The highest paid athlete of all time was a Roman Charioteer; if he had lived today he would have been worth $15 billion.
2016, Forbes released a list of the highest-paid athletes for the past 12 months and according to the list, Real Madrid star and soccer icon Cristiano Ronaldo is the world’s highest-paid athlete, with earnings of $88 million over the past 12 months from salary, bonuses, and endorsements. According to Forbes, the top 100 athletes earned an amazing $3.15 billion in a period of 12 months.
Forbes also ranked the 20 highest paid athletes of all time naming the former Chicago Bulls superstar, Michael Jordan, the highest-paid athlete ever. Jordan has earned an estimated $1.7 billion throughout his life. No. 2 on the list is golfing legend Tiger Woods with $1.67 billion, and Arnold Palmer is third on the list with $1.35 billion.
However, historian Peter Struck from the University of Pennsylvania claims that the highest-paid athlete of all time didn’t even compete in this millennium. According to Dr. Struck, chariot racer from Ancient Rome named Gaius Appuleius Diocles, amassed a fortune of 35,863,120 sesterces – the equivalent of $15 billion.
Chariot racing dates back to at least the 6th century BCE and it was the most popular sport in Rome. The main center of chariot racing was the Circus Maximus, a huge, oval-shaped stadium that could seat more than 200,000 spectators. Charioteers were usually slaves or from poor backgrounds, but if they were successful they could soon earn enough money to buy their freedom and in some cases they could become very rich.
There were four Roman racing companies or stables (factions). These factions were known by the colors that their drivers wore – the Blue Team, the Red Team, the White team and the Green Team, colors inspired by the four seasons. Each team had up to 3 chariots in a race and they would often collaborate with each other against the other teams. Just like in modern day sports, chariot racers were allowed to make a transfer to a different team.
The usual number of horses hitched to a chariot was four, but there were also two-horse, three-horse, six-horse and seven-horse chariots. However, chariot racers who participated in six and seven-horse chariot races earned much more money than the rest of them.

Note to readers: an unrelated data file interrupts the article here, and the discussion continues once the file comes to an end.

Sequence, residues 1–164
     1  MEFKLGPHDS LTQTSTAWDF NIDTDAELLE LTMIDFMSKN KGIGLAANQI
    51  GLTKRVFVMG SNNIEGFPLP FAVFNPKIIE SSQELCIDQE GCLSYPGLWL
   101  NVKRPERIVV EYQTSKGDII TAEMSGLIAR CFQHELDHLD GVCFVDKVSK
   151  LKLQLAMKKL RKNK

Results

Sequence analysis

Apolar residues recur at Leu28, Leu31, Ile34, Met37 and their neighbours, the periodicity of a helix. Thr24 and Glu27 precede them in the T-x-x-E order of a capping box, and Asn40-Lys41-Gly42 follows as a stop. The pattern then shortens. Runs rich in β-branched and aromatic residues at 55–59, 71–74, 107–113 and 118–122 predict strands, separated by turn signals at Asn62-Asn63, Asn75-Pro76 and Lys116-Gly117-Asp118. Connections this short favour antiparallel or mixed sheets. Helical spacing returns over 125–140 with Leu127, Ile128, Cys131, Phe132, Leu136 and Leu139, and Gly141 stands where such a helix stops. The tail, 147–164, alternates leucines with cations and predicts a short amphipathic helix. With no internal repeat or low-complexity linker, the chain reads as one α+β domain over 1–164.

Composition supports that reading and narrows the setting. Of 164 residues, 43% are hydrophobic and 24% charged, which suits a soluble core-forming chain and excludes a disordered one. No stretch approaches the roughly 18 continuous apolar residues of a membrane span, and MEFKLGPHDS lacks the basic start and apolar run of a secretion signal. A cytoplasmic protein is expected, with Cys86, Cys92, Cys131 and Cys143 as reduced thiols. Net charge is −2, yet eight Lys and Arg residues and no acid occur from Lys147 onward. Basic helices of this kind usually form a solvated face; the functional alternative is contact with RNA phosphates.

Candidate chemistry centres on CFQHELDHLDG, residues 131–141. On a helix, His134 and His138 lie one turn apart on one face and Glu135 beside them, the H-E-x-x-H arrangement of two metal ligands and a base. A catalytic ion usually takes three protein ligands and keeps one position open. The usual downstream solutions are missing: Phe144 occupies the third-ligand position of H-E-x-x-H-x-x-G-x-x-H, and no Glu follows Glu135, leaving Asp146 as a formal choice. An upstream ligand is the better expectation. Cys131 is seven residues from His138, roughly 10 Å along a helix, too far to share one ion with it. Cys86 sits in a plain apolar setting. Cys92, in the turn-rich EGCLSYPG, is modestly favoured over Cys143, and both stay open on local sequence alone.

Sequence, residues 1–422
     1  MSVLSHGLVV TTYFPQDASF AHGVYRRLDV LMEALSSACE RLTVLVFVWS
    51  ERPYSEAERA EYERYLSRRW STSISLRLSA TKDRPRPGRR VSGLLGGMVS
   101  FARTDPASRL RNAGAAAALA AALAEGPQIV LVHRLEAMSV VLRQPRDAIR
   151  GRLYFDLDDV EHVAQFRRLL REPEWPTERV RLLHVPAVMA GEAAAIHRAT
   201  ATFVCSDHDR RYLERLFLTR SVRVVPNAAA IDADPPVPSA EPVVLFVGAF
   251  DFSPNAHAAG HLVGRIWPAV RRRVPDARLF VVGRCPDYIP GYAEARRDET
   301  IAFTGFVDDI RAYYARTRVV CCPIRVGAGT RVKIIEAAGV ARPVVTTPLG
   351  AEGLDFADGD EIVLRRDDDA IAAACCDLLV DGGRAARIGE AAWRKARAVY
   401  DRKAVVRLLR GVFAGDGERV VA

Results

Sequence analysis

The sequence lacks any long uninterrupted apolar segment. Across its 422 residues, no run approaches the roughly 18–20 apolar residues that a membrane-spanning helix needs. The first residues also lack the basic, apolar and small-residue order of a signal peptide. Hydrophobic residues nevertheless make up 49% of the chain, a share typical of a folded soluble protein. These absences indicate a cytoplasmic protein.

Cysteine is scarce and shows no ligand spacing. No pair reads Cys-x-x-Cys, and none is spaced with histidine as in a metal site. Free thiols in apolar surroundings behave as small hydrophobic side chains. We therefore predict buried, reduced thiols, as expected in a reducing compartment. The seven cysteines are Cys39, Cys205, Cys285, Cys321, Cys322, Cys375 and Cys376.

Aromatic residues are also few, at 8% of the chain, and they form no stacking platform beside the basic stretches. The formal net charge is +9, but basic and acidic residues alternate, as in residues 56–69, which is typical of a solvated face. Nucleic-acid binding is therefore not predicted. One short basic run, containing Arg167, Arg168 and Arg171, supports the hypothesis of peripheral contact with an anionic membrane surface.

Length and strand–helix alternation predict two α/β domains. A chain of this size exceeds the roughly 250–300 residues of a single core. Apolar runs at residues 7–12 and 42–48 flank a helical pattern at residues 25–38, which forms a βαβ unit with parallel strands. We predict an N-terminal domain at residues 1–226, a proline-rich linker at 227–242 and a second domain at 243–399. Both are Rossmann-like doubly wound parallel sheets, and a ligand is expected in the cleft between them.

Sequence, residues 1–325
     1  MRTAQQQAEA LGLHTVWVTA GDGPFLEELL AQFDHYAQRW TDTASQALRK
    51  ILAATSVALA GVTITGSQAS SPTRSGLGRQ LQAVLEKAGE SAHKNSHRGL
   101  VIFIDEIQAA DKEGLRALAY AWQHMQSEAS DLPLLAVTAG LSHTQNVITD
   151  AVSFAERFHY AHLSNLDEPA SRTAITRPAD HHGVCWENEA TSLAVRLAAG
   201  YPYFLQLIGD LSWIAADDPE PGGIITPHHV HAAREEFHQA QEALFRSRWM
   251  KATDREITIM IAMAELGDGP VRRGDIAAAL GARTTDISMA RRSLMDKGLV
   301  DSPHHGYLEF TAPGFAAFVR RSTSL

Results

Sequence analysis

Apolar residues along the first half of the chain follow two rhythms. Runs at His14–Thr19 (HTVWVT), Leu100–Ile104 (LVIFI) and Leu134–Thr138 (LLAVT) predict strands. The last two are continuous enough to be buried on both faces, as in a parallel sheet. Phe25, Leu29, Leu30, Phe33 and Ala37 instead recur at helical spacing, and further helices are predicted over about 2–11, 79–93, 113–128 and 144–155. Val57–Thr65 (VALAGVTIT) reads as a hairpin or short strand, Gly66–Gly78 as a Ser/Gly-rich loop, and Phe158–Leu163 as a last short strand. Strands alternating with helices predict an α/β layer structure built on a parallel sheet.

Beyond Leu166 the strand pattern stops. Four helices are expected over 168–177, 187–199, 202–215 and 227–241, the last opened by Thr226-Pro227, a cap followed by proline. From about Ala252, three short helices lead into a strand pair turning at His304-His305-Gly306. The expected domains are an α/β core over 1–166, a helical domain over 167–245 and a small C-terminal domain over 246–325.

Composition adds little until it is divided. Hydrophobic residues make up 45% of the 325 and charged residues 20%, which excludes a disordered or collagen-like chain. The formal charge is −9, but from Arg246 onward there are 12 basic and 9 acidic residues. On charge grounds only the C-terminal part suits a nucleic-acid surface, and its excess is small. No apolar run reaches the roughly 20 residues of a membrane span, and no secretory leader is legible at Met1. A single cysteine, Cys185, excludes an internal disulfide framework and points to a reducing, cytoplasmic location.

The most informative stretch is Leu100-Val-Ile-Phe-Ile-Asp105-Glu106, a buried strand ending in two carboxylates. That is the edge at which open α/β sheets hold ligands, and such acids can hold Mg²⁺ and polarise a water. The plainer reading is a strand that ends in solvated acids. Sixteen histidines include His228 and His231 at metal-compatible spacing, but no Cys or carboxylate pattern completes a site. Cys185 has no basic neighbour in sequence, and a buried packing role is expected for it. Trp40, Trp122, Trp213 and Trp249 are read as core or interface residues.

Apparently, Gaius Appuleius Diocles, who was the most prolific charioteer in Ancient Rome, often participated in six and seven-horse chariot races. As Peter Struck wrote for Lapham’s Quarterly, a monumental inscription was erected in Rome by his fellow charioteers and admirers in 146, which hails him fulsomely on his retirement, at the age of “42 years, 7 months, and 23 days”, as “champion of all charioteers”.
The ancient superstar athlete was born in Lusitania (present-day Spain/Portugal) in 2nd century AD. He started racing at the early age of 18 and soon he arrived in Rome where his 24-year career, that brought him wealth, fame, and recognition throughout the Empire, was about to start.
He began driving for the White Team and when he was 24-years-old he transferred to the Green Team. Only three years later he transferred again, this time to the less popular Red Team and remained there for the rest of his career. Most likely he transferred to the Red Team for glory and money, just like athletes do today.
Professor Robert B. Kebric wrote in The Career of Diocles, Roman Charioteer, that Diocles was selective in his choice of races and literally “went for the gold”. He broke the records of many of several famous predecessors by winning 1,462 of his 4,257 races, but he was not even close to the 3,559 victories of Pompeius Musclosus, or the 2,048 of Flavius Scorpus, both drivers for the Green Team.
As Professor Struck wrote, “His total take home amounted to five times the earnings of the highest paid provincial governors over a similar period – enough to provide grain for the entire city of Rome for one year, or to pay all the ordinary soldiers of the Roman Army at the height of its imperial reach for a fifth of a year”.
Chariot racing was a dangerous sport and many charioteers died quite young, but this wasn’t the case with Gaius Appuleius Diocles who was apparently lucky enough, or maybe good enough to die peacefully in the small Italian town of Praeneste.